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Avery useful primer, and will hopefully save a lot of people typing the answers to questions from people like myself :) that are in need of advice in areas like these.

Well written and easy to understand. Excellent.

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One small comment:

"Views through narrowband filters can be very dim and even more so in small telescopes. Some observers prefer to only use them in large telescopes where the view is brighter."

I don't think I agree entirely. I've used extremely narrowband filters (Baader's H-beta, which has an extremely narrow passband and is even labeled a CCD-filter for that reason) on 7mm of aperture (the naked eye) for Barnard's Loop. Speaking of scopes, for some targets (like the California nebula) my mundane 114mm Starblast gets a lot of use with this filter, as does half of my pair of binoculars (you can put a 2" filter on top of the objective of a 10x50 fairly easily) when I want to see e.g. Barnard's Loop in Orion in more detail.

A more accurate thing to say is that narrowband filters sometimes force you to use a slightly lower magnification ("larger exit pupils" if you want a criterion that is more or less scope-independent) than if you don't use an aggressive filter, and in small scopes that may make the target too small to be viewed well.

People with small scopes disappointed by narrowband filters simply tend to push magnification too high or fail to change the magnification to adjust for the use of the filter (sometimes because they don't select the objects appropriately; things like small planetaries often want a lot of magnification on small scopes and at these magnifications the filters will do more harm than good, but the filters are still useful for the low magnification large objects).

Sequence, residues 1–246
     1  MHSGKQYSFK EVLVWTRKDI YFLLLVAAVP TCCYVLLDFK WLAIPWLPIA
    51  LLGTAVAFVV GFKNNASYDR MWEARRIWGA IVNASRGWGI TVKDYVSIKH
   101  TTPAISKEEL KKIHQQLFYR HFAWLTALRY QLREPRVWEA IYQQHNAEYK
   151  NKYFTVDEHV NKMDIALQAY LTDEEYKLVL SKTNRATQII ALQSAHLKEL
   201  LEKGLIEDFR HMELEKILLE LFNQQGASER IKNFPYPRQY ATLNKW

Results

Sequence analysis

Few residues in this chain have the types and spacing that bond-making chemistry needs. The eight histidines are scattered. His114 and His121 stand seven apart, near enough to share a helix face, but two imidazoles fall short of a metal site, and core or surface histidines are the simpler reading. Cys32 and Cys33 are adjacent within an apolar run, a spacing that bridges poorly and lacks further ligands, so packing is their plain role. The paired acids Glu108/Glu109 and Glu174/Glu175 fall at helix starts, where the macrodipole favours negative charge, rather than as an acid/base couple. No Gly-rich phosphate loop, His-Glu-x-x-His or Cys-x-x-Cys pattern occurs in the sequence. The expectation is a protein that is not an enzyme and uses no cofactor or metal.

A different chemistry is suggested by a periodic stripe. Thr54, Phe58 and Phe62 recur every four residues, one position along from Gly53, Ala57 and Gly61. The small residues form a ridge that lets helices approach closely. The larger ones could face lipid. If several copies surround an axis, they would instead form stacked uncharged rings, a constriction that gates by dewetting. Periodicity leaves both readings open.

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Very useful information an helped me understand the different types of filters available and which was the best option for me. After reading your review I have gone with the UHC which I hope will be a good investment.

Thanks

Ben

Edited by Bluemoon

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Andrew,

Very nice list, especially the planetary filter list. I am in the market for some planetary filters and this list will help alot. Might get some the next time I am state side:D

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Very useful primer - yet again this proves to be the place to learn all you need to know.

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I'm glad you're all finding it useful!

S.A.M., the planets filter list wasn't by me, but I agree that it is excellent.

Cheers

Andrew

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You never know how useful they are until you try, never got on with coloured planetary filters though!

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first class job, I just posted this question, as i had no idea which filter to use, and when to use it, so thank you very much

Dave